Nobel prize-winning economist, Paul Krugman, is a man with a plan and an ego. His plan was rejected by those who should have known better. He’s sounds more than a little bitter:
What Profit Hath A Man Of All His Labor?
I’m in a weird mood as the [stock] markets tumble [around the world]. It will pass, but right now I feel like the preacher in Ecclesiastes, wondering about the point of it all.
Here’s the point: back around 1998 I was among those who looked at the crisis in Asia and realized what it implied — namely, that the problems that caused the Great Depression had not been solved, and that it could happen again. The speculative attacks on smaller nations, the liquidity trap in Japan, were omens for all of us. In 1999 I wrote a book, The Return of Depression Economics, saying all that.
When the 2008 crisis struck, it was immediately clear that this was what we had been afraid of. And it was desperately important that policy makers realize that we were in a world where the usual rules no longer applied.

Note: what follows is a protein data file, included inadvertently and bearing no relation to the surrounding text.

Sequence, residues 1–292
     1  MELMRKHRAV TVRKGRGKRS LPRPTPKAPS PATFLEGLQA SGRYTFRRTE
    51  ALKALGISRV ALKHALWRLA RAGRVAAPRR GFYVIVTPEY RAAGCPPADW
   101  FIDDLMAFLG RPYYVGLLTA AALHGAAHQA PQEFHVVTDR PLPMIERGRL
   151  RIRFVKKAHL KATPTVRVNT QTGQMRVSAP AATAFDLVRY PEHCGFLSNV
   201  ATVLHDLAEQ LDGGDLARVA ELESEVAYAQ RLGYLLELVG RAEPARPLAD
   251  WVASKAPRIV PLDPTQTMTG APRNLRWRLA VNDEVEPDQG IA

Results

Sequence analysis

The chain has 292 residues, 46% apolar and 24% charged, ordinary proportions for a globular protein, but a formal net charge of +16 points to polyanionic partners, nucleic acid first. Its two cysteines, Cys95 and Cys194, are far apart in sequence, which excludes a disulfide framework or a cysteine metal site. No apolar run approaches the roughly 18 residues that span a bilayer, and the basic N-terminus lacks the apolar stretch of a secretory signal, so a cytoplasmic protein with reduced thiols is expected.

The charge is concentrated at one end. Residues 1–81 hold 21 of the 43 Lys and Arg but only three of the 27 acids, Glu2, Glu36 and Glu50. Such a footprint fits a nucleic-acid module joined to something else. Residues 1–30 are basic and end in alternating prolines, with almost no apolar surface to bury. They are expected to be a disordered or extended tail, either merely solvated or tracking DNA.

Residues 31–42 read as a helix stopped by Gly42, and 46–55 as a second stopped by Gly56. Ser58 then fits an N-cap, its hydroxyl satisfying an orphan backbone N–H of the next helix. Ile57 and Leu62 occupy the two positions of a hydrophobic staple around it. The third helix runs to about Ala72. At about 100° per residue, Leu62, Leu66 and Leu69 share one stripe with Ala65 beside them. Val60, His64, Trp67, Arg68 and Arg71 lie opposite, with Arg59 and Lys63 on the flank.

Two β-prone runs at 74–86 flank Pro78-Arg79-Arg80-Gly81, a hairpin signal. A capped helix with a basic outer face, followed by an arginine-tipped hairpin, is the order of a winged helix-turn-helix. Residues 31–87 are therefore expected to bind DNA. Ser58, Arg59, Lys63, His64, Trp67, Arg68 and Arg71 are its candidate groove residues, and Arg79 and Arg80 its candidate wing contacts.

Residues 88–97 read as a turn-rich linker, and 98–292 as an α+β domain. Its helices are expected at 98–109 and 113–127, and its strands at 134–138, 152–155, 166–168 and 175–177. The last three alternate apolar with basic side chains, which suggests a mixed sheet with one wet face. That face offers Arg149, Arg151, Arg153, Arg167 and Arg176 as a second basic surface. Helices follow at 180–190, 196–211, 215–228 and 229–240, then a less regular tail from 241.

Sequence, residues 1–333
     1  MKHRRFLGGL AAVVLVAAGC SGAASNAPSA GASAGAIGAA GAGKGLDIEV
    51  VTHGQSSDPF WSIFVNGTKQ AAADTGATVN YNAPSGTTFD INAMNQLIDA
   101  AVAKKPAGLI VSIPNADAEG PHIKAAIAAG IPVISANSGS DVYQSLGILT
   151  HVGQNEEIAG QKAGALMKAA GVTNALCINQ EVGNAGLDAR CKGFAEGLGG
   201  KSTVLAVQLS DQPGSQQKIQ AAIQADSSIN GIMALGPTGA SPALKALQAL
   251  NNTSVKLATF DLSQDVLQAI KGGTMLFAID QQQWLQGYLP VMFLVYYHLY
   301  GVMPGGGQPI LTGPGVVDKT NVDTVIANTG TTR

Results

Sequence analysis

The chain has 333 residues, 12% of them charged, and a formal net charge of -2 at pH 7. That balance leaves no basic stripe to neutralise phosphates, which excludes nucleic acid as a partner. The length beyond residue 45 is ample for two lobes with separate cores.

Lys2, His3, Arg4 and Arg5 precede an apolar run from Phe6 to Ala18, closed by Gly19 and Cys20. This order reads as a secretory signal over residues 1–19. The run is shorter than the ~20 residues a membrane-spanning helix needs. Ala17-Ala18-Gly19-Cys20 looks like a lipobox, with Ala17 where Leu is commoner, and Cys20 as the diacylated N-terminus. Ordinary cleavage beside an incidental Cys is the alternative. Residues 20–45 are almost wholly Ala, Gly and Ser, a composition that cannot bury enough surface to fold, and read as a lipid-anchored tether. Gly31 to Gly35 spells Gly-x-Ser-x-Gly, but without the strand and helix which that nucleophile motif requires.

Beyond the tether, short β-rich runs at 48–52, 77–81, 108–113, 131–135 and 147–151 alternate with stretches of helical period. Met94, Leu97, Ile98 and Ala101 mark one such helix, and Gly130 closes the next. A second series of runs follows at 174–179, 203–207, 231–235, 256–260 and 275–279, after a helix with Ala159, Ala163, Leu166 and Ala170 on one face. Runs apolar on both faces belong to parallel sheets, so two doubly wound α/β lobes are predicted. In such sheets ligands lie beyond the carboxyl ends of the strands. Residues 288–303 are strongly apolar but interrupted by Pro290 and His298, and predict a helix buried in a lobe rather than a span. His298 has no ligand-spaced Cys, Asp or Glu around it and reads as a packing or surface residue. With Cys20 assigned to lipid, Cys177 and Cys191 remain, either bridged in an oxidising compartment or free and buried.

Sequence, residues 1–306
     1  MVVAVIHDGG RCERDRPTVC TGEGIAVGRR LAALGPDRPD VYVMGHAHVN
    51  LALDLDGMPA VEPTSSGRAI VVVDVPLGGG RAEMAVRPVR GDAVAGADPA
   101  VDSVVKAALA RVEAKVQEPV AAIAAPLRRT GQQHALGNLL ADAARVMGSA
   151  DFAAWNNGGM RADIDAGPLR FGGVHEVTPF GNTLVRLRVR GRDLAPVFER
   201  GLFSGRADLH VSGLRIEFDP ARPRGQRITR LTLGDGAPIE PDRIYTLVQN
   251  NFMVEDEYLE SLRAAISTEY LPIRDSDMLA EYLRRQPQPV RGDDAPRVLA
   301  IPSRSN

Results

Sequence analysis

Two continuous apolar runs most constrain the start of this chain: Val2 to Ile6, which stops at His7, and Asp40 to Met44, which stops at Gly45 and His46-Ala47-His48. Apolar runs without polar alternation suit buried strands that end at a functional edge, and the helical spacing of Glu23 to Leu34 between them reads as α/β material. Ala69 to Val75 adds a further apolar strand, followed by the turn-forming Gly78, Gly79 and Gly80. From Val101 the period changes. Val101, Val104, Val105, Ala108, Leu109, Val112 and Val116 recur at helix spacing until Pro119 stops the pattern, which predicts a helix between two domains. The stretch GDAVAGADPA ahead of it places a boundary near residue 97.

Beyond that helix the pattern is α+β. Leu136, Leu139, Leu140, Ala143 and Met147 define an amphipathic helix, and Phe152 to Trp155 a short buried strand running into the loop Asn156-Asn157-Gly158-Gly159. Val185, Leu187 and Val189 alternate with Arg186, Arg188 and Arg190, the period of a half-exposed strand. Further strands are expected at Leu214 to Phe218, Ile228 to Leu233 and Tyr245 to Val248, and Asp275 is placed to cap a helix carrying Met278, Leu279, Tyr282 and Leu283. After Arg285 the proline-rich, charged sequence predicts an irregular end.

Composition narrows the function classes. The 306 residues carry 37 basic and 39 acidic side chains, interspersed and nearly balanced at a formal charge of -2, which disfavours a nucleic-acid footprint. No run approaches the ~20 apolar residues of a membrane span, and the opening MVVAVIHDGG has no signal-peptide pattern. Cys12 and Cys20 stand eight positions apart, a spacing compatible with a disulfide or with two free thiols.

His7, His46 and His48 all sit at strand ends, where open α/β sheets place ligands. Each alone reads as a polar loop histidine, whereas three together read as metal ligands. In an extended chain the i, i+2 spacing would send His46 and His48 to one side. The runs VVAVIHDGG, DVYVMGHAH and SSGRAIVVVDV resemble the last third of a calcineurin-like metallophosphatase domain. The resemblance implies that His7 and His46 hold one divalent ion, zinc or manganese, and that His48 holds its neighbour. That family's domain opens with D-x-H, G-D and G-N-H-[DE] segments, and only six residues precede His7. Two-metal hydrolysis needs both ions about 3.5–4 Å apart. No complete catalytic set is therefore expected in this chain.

But they didn’t. The banks were rescued — but as soon as that happened, the moralizers and deficit worriers, the people who see hyperinflation lurking under every bed, took over. Warnings that we were repeating not just the mistakes of Japan but the mistakes of Hoover and Bruening were waved away as the squeaking of people of no consequence, never mind the fact that some of us had pretty fancy credentials.
And now we are exactly where I feared we’d be, repeating all the old mistakes and experiencing all the old consequences.
As I said, I’ll get over it. But grant me a moment to look on the past three years, and despair.